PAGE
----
Despite Pope Progress, American Catholic Institutions Still Struggling With LGBTQ Issues
The Advocate named Pope Francis their Person of the Year yesterday, citing him as “the single most influential person of 2013 on the lives of LGBT people.” It is well-known, as with many other institutions, the Catholic church has been under scrutiny for its steadfast opposition to LGBTQ progress. Pope Francis is not progressive on LGBTQ issues by activists standards, but judging by recent and past headlines coming out of the lower rungs of the church, he is progressive for LGBTQ Catholics when compared to prior pontiffs.
“If someone is gay and seeks the Lord with good will, who am I to judge?” the Pope said about gay priests.
Things aren’t all so squeaky clean across the board in the largest individual Christian denomination in America. LGBTQ Nation reported that there was widespread backlash at a Pennsylvania Catholic school, when they claim they “had no choice” but to fire a gay teacher. Echoing many open-minded Catholics, and describing a community of them, recent alum of the Holy Ghost Preparatory School Rob Blackwell said “It is a shame that the students and faculty are being painted a certain way, because it is apparent with the amount of support Mr. Griffin has received, this is not the popular mentality.”
A little further west, basically the entire middle-leadership of the church in Indiana wrote an open letter declaring that the state had no place in defining marriage, which LGBTQ nation reports is an effort to make sure Catholic voters aren’t “guided by polls” (those tend to be progressive, over time). This was in response, or supplementary to the proposed same-sex marriage ban to the state’s constitution.
“It is not within the power of either the Church or the State to redefine marriage since God is its author. Male-female complementarity is essential to marriage. Marriage is a “unique” (sic) communion of persons with the potential to bring forth human life.” The letter stated. Six bishops signed off on it, including the Archbishop of Indianapolis, the biggest archdiocese in the state.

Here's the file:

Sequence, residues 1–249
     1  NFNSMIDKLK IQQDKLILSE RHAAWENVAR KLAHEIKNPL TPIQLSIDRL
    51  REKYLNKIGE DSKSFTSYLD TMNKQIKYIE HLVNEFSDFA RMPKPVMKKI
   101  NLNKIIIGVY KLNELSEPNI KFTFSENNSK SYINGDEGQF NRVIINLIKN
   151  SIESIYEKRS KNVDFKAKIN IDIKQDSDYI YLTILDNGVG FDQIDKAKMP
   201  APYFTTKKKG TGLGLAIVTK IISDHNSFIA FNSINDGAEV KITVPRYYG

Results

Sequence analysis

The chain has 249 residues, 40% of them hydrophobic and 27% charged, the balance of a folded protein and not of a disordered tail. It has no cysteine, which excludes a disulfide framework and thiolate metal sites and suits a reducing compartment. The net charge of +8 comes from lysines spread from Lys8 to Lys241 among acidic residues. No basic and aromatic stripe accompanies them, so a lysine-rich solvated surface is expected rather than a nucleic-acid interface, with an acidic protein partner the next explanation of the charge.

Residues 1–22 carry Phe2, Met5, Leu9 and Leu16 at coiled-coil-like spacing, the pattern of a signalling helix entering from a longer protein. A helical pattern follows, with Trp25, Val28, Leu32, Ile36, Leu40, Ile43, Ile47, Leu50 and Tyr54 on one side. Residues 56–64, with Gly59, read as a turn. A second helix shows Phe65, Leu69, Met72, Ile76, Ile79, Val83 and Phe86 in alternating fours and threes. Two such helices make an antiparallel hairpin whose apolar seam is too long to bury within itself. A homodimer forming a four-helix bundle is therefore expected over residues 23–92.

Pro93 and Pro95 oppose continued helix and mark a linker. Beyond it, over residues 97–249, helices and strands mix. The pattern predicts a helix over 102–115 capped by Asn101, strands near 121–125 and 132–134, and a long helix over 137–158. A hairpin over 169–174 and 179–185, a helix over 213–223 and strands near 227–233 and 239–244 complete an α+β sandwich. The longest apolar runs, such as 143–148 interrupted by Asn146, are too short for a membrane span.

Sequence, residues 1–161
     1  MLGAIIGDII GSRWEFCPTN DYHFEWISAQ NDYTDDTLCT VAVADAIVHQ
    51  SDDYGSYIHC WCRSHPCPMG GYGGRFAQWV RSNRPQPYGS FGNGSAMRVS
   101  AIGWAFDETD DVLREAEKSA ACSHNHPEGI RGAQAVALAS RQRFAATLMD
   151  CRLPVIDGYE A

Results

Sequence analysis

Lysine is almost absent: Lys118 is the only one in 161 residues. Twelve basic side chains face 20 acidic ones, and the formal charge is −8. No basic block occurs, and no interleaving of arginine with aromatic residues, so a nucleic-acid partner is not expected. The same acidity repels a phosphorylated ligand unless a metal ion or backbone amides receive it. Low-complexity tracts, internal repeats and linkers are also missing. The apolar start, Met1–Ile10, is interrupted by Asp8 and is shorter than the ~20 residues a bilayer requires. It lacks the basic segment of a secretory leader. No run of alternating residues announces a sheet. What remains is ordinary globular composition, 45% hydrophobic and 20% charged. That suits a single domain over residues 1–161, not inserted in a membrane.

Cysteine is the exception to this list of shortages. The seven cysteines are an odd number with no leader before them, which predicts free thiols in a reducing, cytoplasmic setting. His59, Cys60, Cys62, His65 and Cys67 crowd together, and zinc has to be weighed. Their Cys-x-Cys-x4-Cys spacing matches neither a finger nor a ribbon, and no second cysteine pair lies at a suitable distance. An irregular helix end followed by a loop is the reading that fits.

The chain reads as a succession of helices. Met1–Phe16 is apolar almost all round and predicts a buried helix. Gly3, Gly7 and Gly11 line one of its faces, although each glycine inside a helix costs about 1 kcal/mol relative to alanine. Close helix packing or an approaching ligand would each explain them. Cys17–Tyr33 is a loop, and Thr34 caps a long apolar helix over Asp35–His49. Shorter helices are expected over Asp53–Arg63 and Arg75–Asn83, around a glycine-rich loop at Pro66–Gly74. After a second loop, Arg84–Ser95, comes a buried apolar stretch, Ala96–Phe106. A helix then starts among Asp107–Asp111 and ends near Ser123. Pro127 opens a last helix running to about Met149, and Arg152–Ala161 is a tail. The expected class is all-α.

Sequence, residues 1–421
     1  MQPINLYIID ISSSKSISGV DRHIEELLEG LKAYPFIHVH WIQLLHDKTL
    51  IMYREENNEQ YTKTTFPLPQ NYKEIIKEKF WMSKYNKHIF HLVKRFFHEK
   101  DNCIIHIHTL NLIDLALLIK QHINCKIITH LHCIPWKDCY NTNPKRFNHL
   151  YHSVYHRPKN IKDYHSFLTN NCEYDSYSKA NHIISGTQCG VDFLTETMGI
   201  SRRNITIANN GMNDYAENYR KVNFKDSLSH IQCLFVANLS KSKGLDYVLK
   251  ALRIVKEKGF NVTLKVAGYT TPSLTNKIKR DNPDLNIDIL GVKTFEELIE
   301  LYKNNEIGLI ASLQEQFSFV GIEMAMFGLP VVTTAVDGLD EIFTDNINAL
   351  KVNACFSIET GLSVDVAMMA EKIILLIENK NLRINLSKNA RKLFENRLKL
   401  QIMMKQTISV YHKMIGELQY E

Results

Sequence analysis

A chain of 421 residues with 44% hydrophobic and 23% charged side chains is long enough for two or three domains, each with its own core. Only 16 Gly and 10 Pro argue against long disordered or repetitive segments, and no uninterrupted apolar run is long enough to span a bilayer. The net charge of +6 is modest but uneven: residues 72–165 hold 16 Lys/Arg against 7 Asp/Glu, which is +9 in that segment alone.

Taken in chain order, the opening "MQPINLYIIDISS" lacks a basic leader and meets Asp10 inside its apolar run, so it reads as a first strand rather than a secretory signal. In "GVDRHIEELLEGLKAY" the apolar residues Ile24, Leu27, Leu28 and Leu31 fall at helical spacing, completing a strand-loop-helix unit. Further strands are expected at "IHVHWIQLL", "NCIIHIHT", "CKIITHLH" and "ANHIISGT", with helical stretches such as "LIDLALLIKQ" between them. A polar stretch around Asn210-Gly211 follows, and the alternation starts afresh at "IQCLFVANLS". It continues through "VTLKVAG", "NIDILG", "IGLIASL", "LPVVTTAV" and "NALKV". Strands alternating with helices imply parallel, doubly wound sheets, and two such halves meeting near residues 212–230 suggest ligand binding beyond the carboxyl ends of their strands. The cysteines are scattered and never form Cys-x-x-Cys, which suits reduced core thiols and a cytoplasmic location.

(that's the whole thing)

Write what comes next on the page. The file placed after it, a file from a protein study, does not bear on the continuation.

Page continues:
This can be summed up as the bishops saying the state has no say, the church has the final say but we need you to keep it Catholic when you vote for ELECTED OFFICIALS.
As the Pope moves forward in the eyes of LGBTQ advocates and journalists, the structure of the church is not necessarily interpreting the Pope’s (own interpretation) of God’s word to be a message of moving away from its anti-gay tendencies. This divide perhaps illustrates that while the Pope may be receiving the good word, the middle and lower leadership of the church still have interests in marginalizing LGBTQ persons, or at least are stuck in their ways. And no doubt in some cases their constituencies aren’t as open-minded as that Pennsylvania community, the Catholic presence on social media that called out the school’s actions, and others. But the Church has shown over time, while crap rolls uphill, change comes from both ends and mostly the top.
The American Catholic leaders, and not God, still have a lot of say in how the church views LGBTQ persons in their communities, and their counties, states, and countries. This apparently will take more than a friendly pope to change.
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